Legendary Toronto fashion power couple Joe Mimran and Kim Newport-Mimran are opening the Cultural Goods Gallery on the west side. The first exhibition is set to open on Oct. 29 featuring art from Al Diaz, a key figure in the New York graffiti movement of the ’70s.
Casablanca-born Joe Mimran has had his foot in Canadian fashion since 1985 when he founded Club Monaco. His love for casual, luxury wear was later parlayed into the affordable fashion brand Joe Fresh, which he created in 2006. He’s also been featured as a “Dragon” investor on the CBC-TV series Dragon’s Den since 2015.
His partner, fashion designer Kim Newport-Mimran founded the clothing label Pink Tartan in 2002. In 2019, she introduced a line of eveningwear called the Kim Newport Collection.
The duo is expanding their extensive list of creative ventures by giving Torontonians the chance to experience hand-curated art. The first exhibition FROM SAMO©… TO SAMO©… EVOLUTION OF STREET: ART & TYPE is curated by Grace Zeppilli and Jason Halter. Inside the gallery is a collection spanning Diaz’s 40-year career, from his early-teen graffiti collaboration with Jean-Michel Basquiat to his later prolific text-based collage works.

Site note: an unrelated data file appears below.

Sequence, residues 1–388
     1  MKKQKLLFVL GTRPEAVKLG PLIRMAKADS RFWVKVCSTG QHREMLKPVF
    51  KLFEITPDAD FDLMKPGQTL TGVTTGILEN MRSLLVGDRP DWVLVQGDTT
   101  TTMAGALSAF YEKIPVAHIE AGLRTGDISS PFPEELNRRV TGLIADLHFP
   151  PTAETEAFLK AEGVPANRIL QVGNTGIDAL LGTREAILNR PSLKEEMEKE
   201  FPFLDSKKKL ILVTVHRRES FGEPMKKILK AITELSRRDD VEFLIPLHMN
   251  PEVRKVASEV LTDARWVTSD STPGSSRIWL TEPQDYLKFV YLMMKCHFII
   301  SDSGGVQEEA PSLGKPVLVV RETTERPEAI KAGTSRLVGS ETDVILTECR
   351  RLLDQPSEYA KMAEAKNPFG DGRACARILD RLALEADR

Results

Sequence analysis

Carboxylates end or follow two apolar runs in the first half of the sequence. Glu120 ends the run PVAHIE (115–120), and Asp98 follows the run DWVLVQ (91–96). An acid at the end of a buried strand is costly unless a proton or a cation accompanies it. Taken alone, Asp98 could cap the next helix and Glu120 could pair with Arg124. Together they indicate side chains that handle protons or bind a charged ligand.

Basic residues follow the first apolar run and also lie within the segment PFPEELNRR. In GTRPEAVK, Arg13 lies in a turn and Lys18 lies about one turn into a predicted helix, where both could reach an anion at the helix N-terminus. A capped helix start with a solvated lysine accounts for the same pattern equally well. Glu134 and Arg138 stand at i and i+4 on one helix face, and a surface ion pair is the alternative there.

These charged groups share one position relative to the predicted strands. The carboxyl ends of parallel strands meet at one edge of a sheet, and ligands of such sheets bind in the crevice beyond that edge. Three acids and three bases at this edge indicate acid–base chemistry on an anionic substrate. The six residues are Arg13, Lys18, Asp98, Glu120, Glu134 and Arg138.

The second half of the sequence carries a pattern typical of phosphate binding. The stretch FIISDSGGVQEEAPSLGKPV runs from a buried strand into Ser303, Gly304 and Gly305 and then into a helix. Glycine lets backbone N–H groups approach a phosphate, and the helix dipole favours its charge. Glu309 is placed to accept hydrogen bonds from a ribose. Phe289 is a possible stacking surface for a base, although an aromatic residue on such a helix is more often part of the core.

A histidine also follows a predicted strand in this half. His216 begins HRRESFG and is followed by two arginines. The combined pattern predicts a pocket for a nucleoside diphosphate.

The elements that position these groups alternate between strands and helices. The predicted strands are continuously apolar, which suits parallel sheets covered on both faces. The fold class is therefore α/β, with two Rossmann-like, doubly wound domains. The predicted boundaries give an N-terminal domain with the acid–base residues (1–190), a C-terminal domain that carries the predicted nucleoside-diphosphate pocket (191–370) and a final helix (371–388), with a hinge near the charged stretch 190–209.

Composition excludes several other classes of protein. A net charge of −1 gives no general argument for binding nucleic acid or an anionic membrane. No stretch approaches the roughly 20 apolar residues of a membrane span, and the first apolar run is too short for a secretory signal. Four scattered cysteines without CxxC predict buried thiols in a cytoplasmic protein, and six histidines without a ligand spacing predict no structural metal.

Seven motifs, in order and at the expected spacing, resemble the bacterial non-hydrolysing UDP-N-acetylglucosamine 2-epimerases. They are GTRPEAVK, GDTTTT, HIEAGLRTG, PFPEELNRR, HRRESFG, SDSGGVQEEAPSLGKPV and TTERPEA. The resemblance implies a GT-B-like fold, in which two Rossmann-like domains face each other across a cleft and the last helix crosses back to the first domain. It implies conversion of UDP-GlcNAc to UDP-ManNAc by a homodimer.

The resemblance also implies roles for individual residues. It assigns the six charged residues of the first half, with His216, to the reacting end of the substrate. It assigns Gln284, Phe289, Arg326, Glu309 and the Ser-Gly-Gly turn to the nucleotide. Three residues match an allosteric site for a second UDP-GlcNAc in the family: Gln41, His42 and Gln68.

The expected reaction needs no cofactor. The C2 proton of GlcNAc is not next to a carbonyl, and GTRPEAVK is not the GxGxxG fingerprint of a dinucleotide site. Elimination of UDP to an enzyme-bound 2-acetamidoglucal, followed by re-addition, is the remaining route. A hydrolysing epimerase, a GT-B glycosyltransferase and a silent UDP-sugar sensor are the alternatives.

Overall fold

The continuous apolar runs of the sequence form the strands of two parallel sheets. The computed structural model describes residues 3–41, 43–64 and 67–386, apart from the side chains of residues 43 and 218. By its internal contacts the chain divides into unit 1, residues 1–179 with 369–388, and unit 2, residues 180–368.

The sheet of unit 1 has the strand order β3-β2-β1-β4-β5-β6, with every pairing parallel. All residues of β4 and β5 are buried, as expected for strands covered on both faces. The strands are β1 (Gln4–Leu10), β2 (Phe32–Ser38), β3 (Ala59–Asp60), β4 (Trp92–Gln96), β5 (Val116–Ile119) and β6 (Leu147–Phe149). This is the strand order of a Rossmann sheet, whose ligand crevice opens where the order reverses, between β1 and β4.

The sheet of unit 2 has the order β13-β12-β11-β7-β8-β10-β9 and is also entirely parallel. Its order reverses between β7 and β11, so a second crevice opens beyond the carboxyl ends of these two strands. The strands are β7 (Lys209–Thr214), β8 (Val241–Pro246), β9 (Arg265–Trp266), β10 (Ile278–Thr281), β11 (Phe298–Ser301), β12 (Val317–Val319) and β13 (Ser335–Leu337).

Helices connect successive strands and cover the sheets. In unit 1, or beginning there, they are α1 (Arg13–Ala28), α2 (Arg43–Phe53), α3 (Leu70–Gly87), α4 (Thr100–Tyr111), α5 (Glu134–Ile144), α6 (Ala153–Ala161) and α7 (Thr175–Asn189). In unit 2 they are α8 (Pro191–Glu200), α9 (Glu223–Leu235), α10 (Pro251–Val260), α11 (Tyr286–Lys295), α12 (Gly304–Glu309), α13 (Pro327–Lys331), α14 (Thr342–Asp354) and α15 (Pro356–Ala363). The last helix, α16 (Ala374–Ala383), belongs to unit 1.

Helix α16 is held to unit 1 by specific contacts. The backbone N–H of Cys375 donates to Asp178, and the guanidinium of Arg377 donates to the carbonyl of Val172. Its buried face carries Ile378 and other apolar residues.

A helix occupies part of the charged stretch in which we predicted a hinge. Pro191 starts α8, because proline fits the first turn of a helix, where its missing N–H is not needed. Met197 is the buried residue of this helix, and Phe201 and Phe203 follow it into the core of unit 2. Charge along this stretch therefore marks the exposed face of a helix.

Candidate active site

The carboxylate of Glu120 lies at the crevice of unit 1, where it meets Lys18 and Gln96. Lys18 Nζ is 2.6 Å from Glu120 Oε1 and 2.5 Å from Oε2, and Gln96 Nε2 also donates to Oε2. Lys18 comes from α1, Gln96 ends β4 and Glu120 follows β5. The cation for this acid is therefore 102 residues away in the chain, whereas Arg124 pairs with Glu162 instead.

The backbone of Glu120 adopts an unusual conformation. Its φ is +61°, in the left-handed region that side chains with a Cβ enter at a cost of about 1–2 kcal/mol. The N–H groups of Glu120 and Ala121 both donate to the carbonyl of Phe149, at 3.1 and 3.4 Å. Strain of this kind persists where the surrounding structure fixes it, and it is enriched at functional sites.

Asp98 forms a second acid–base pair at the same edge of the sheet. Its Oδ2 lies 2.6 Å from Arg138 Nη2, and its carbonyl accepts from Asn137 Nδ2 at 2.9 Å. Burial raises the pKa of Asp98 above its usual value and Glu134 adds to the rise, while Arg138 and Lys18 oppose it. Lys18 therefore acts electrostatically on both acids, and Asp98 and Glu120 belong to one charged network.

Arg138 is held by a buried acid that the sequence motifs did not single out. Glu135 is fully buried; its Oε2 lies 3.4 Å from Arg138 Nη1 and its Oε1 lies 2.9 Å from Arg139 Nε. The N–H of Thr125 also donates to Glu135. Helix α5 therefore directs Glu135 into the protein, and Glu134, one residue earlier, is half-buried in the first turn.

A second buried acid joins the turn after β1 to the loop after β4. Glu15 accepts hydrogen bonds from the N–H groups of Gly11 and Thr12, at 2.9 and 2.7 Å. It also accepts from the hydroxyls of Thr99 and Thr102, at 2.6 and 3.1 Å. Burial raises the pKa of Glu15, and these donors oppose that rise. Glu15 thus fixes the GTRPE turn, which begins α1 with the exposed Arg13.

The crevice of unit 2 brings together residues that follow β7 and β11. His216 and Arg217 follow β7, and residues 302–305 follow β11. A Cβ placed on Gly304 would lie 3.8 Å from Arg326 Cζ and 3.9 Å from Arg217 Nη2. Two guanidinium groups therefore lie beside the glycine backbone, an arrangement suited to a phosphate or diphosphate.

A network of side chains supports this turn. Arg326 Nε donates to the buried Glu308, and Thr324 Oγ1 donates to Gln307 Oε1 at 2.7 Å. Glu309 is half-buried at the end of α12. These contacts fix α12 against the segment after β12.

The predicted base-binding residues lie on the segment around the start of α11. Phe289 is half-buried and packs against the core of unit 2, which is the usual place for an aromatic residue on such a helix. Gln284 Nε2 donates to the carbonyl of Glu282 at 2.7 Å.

“Cultural Goods Gallery is a reflection of our decades of learning, collecting and collaborating with artists from around the world. The gallery is a home for pursuing creative expressions and connecting people who feel inspired by new ideas.” Newport-Mimran says, “We are thrilled to begin this journey with Al Diaz, a talented artist who is part of the fabric of contemporary pop culture.”
This exhibition also includes new works by Toronto-based artists Javid Jah, Danilo Deluxo McCallum, Nicolas ‘Alfalfa’ Sanchez, and Kismet, who all express unique and distinct styles demonstrating the evolution of street art that is flourishing in cities across the globe, including Toronto.
“Al and I discussed the evolution and history of street art at length when we started the process for this exhibition. With the traditionally collaborative nature of street art, we saw this show also as an opportunity to blend Brooklyn and Toronto,” says Jason Halter, co-curator of the exhibition. “The collaboration between artists is a visual conversation that allows visitors to see the evolution of the art form from its early roots to now.”
Located on Toronto’s west side, Cultural Goods Gallery, the 2,500 sq. ft. stomping ground is equipped for experimental and immersive art. The space allows for interactive and hands-on galleries as well, giving Torontonians the chance to get up close and personal with future galleries. The Mimrans hope is that the rotating exhibition schedule will nurture relationships with the local arts community, as well as present work that has contributed to the growth of the North American cultural scene.
Cultural Goods Gallery is located at 1444 Dupont St. #15.